You can find a lot of information – sometimes confusing – about the cost of a college education. By some reports, it can cost $50,000 per year to earn a bachelor’s degree.
On the other hand, according to the College Board, half of all full-time students attending public and private not-for-profit colleges pay less than $8,700 per year in tuition and fees. Despite these extremes, the cost of higher education is increasing at an alarming pace.
According to the same College Board report, the average annual tuition and fees at all schools (public, private, for-profit and not-for-profit) rose as much as 6 percent last year. At these levels, amid calls for a higher degree completion rate among Americans, it’s justifiable to be concerned over mounting student loan debt.
Expense verses investment
While not a defense of high tuition, an important step in reconciling this dilemma is to realize that a college education is an investment – for individuals and the nation – not an expense.
According to 2008 Census data, the median earnings of someone with only a high school diploma is $27,448, compared to the median income of $47,853 for those with a bachelor’s degree. Perhaps more important, those with a bachelor’s degree tend to stay employed. The current unemployment rate for those with a degree is less than 5 percent.
In addition to enriching the intellectual capital of individuals and our country, it is also reported that the typical college graduate pays 80 percent more in total federal, state, and local taxes than a high school graduate.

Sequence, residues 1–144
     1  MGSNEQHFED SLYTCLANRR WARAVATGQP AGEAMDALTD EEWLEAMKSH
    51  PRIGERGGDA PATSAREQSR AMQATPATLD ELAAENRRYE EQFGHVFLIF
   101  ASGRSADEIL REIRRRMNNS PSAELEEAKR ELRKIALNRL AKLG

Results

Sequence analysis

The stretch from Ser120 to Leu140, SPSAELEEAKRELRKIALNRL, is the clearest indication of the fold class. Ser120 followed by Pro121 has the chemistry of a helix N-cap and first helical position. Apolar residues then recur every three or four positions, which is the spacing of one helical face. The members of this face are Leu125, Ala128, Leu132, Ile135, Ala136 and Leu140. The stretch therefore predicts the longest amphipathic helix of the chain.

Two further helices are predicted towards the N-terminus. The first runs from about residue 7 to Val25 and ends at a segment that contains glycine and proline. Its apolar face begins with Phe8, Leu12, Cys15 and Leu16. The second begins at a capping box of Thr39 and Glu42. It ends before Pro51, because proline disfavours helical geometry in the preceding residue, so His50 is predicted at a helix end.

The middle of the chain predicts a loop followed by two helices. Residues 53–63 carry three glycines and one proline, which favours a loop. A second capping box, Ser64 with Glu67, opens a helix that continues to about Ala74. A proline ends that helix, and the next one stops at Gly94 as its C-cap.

Alternatives for achieving an educated America
There are practical alternatives to keeping a college degree within the reach and budget of all, solutions that are real, present and useable today.
- Be a strategic educational consumer. Attending a community college is a practical way of saving on tuition while preparing for later entry into a “flagship” bachelor’s program. Attending a “blue chip” institution can carry value beyond instruction alone. However, less expensive institutions can offer similar or even better educational outcomes.
- Satisfy general education requirements through online study, credit by examination, or at a community college. Costs often are less, and most four-year institutions will accept credits in transfer.
- Attend summer-term classes or take transferable courses online. Accelerate time to degree completion and to full-time employment. A “four-year” degree can be earned in less than three years of year-round, full-time study.
- Take advantage of being an adult student. For those who have some college but no degree, the best bet may be an accredited, nonprofit institution like Excelsior College. Excelsior combines affordable tuition with the acceptance of prior credit from other colleges and universities for transfer students, military and corporate training programs that have been evaluated for college-level credit, and its own credit-by-exam program to help students finish what they started in degrees from its Schools of Business and Technology, Health Science, Nursing or Liberal Arts.
President Barack Obama has challenged the nation to once again lead the world in the number of adults with college degrees. To achieve this goal, a degree must be both affordable and accessible. And, higher education itself must be open to innovative, academically sound models to meet this challenge. Otherwise, Americans can expect to see their standard of living fall and more jobs move abroad in search of more highly educated workers.